Rosemary is a common victim of spider mites. CONTRIBUTED BY WALTER REEVES

Check rosemary for spider mites

Q: My rosemary has many yellow leaves.Steve Preston, email

A: The first thing I would check for is spider mites. My neighbor’s rosemary plant is “eat up with ‘em”! Clip off an 8-inch-long branch and slap it onto a piece of white paper. If you see little yellow dots crawling across the white surface, my suspicions are confirmed. Spider mites can partially be controlled by spraying the plant each day with a strong stream of water. You could also use insecticidal soap or horticultural oil on the plant, but this won’t be very successful because there are so many leaves to cover. To be honest, I’d fertilize the plant lightly and hope that it can fight off the spider mites with the help of naturally occurring beneficial insects. If your plant is too far gone to save, remove it from your property and plant another rosemary in a different spot.

Q: Our small pond in front of our house has been very low. It developed red algae a month ago. My husband dipped his finger in the water, and there was green algae underneath the red algae. Can we kill the algae? Is it harmful to the fish?Barbara Chapo, Woolsey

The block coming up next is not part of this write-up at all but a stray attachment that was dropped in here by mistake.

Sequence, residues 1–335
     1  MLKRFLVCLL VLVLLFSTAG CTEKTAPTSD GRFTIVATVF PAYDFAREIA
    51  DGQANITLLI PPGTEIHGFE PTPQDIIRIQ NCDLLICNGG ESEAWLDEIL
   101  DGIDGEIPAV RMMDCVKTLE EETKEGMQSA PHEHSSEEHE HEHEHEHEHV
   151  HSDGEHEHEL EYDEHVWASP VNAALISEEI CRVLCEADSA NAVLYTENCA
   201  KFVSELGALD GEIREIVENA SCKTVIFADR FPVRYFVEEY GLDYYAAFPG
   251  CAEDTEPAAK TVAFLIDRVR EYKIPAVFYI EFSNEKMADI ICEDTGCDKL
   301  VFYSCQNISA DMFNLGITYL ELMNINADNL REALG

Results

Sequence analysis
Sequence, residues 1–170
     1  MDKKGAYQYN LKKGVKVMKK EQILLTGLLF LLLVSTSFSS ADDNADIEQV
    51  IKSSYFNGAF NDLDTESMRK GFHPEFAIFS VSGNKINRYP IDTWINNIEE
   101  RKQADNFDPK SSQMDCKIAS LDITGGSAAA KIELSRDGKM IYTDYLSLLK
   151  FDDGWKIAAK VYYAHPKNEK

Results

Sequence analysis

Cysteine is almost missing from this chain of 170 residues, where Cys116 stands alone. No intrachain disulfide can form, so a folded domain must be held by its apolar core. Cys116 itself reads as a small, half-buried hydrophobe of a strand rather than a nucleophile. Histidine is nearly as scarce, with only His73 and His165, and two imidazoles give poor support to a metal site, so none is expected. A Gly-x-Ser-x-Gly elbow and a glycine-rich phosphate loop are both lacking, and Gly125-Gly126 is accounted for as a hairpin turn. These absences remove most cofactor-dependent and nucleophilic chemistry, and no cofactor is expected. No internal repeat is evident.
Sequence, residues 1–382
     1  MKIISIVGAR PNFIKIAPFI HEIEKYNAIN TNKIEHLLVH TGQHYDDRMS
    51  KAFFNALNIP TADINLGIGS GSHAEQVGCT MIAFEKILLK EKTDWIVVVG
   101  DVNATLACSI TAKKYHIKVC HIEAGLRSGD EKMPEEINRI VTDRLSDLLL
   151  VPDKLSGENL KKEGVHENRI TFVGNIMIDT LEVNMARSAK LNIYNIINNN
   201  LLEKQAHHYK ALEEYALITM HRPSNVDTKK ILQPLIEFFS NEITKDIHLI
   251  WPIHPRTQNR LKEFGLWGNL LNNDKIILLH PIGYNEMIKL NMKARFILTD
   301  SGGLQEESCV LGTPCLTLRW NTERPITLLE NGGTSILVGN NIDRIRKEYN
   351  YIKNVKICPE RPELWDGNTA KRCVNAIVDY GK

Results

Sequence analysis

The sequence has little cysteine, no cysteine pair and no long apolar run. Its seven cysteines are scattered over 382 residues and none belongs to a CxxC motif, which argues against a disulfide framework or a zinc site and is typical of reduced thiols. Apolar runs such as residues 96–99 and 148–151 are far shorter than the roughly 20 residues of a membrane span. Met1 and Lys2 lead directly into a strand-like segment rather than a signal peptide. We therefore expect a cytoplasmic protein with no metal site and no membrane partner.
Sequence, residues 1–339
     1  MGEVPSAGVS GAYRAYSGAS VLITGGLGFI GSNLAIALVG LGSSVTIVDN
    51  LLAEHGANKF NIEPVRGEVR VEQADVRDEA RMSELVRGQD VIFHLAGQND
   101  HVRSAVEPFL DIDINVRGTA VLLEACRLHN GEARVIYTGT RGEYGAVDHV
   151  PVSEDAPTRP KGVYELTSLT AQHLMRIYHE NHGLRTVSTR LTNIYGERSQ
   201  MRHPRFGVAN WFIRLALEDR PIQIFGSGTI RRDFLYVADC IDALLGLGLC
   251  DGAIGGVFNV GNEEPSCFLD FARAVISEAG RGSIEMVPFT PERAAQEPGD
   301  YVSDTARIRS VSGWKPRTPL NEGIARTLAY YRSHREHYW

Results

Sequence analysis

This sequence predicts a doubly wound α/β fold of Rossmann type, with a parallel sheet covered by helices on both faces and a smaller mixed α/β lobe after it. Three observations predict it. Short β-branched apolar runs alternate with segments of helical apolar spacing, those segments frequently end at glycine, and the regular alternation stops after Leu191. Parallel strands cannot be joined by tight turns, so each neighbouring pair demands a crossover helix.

A: Algae in a pond is most often caused by high nutrient concentrations. Algae is a plant, so it responds to fertilizer just like your flowers do. First, make sure absolutely no fertilizer from the lawn runs into the pond. Second, use a lawn rake to remove as much algae from the water surface as you possibly can. While algae does not hurt fish per se, if lots of it dies at the same time, it will remove oxygen from the water and the fish will suffocate. There are herbicides registered to use for algae control, but you must be very careful to kill only small areas of algae (or weeds) at a time. I have a guide to managing ponds and controlling weeds at

Q: My 20-year old magnolia suddenly died over the winter; it was totally brown. Just recently, it has sprouted new growth from the trunk. What should I do to encourage it?Susan Powell, Buford

A: Nature sometimes finds a way back from the edge of death! It’s possible that last year’s drought plus the March freeze killed many leaves on your tree. Magnolias have dormant buds underneath the bark so, with the limbs gone, the tree activated the buds to grow new leaves. There is no way to predict whether the tree will be able to produce enough leaves in time to re-establish its health. If there is no reason to cut the tree down, I would simply leave it alone and see what happens. Do not fertilize; this would stress the weakened tree.

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Q: I’ve had a hard time controlling weeds in my Bermuda lawn this year. Is it possible the above-normal rain has had an effect?Tony DeMaria, Forsyth County

A: It’s very possible that the extra rain has benefited weeds. The definition of a weed is “a plant that out-competes the plant you want.” If you have not fertilized regularly, the Bermuda grass may be unable to dominate the crabgrass as it should. It’s also possible that rainfall has diminished the action of the pre-emergent you applied months ago. It might be a good idea to apply crabgrass preventer once again and make sure your lawn is well-fed.

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